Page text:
Teachers needed for new school in Calais

The Oromo people living by Jules Ferry have asked for a school to be built. With 20 newly arrived unaccompanied minors, they want a space to learn. We have the materials and builders sorted — the school will hopefully have been built in a month — but we need teachers to come and volunteer to teach English and French. Any teachers who want to help some refugees who are really keen to learn this summer, please get in touch with Jack Steadman.

A fire

woke up people in the early morning of Friday in Calais camp. Presumably caused by someone trying to cook, the flames soon burned down three homes and damaged two additional ones. One person was slightly injured . There are fortunately no more casualties thanks to the speedy reaction of Sofinee Harun, who is now in urgent need of new fire extinguishers.

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PHOTO: Ifty Patel


The European Commission awards €56 million in emergency funding to improve conditions for migrants and strengthen the registration and asylum process in Greece

The European Commission has awarded €56 million in emergency funding to improve conditions for migrants in Greece, to increase the capacities of the Greek authorities to register newly arriving migrants and to process their asylum claims. The funding is supposed to create better conditions for vulnerable migrants and strengthen the registration and asylum process with additional human resources, better IT infrastructure, an increased availability of interpretation and better access to information. The funding will support different projects: €30 million is awarded to the UNHCR to support the Emergency Response Plan for Greece and strengthen the capacity of the Greek asylum service and of the new Reception and Identification Service; the International Organization for Migration (IOM) will receive €13 million to provide assistance to the most vulnerable migrants stranded in Greece; the Greek Ministry of Interior and Administrative Reconstruction and the Greek Asylum Service are awarded a total of €13 million to enhance the efficiency of the asylum process, strengthen the registration process and provide operational support to the Hellenic Police at the external borders.

EU-Interior ministers come to an agreement on an emergency mechanism to suspend countries from the visa free travel

… e.g. if public safety is in danger or countries violate the rules. This affects Georgia, Kosovo, Ukraine — and Turkey. Once used this mechanism is valid for six months. If the situation in the country doesn’t change it can be added to the list of countries with visa requirement. Interior ministers said this is not especially against Turkey but all countries with a visa agreement. Germany and France suggested this mechanism, it has to be verified by the European Parliament. Meanwhile it is said that visa free travel for Turkey won’t be implemented before October. It was meant to start on June 30. Discussions about Turkish anti terror laws are still on-going.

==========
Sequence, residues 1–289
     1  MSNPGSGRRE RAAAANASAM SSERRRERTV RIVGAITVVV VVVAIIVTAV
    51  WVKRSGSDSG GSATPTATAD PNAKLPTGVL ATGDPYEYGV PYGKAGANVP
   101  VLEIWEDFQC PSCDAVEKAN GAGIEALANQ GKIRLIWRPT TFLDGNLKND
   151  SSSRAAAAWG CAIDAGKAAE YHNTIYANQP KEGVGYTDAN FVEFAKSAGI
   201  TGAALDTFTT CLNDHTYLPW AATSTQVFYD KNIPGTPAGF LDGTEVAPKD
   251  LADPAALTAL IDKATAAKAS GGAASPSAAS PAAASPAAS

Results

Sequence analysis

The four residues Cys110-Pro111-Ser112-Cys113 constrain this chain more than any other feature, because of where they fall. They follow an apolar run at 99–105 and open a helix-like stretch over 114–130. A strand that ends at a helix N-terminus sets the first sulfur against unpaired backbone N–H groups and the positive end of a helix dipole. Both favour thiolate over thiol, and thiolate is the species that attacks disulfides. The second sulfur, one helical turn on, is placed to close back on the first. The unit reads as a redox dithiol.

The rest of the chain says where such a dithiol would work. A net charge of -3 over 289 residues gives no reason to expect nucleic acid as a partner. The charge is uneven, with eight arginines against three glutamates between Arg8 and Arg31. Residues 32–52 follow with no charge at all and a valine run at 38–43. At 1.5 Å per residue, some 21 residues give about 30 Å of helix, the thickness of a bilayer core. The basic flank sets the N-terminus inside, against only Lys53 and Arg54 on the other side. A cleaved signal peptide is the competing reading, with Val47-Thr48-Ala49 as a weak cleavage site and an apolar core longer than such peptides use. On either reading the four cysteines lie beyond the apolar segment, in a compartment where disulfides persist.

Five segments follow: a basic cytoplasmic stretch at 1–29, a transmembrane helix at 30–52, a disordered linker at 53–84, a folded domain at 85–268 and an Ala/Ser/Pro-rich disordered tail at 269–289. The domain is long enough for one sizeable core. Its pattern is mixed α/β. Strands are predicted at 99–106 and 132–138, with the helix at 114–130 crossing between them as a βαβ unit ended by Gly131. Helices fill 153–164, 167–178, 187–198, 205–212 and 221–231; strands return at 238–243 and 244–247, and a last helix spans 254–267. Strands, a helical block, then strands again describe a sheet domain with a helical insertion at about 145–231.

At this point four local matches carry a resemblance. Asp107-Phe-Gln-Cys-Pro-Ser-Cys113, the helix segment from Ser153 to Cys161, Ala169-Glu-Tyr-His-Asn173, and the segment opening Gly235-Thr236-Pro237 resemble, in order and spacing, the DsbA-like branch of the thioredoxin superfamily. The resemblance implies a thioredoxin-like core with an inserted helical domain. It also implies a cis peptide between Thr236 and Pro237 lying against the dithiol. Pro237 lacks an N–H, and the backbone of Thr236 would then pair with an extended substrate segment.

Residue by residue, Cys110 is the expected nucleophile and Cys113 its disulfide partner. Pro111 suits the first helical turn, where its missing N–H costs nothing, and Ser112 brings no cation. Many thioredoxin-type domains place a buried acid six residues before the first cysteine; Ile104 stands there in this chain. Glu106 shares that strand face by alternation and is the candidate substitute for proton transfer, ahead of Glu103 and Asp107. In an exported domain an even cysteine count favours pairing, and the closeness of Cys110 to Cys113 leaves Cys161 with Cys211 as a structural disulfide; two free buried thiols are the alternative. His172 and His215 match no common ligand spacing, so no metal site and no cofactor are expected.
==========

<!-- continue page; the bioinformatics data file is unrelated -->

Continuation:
The new Refugees Welcome Index by Amnesty International shows the vast majority of people (80%) would welcome refugees with open arms.

The new Refugees Welcome Index, based on a global survey of more than 27,000 people carried out by the strategy consultancy GlobeScan, ranks 27 countries across all continents based on people’s willingness to let refugees live in their countries, towns, neighborhoods and homes.

The survey shows people say they are willing to go to astonishing lengths to make refugees welcome. It also shows how anti-refugee political rhetoric is out of kilter with public opinion.

China tops the Refugees Welcome Index, followed by Germany and the UK. The countries that scored lowest were Russia, Indonesia and Thailand. Just under half of people surveyed in China (46%) said they would accept refugees into their own home. More than half of respondents in Germany (57%) said they would accept refugees in their neighborhood, and a further one in 10 would welcome them into their home. Almost all Germans (96%) said they would accept refugees into their country, with only 3% saying they would refuse them entry. People in the UK are the second-most willing to make refugees welcome in their own homes (29%). On top of that, another 47% said they would accept refugees into their neighborhood. The vast majority of people in the UK (87%) would let refugees into the UK. People in several countries who have already accepted large numbers of refugees show no signs of flagging acceptance, with Greece and Jordan joining Germany in the top 10 of the Index.

Daily news digests from the field, mainly for volunteers and refugees on the route, but also for journalists and other parties.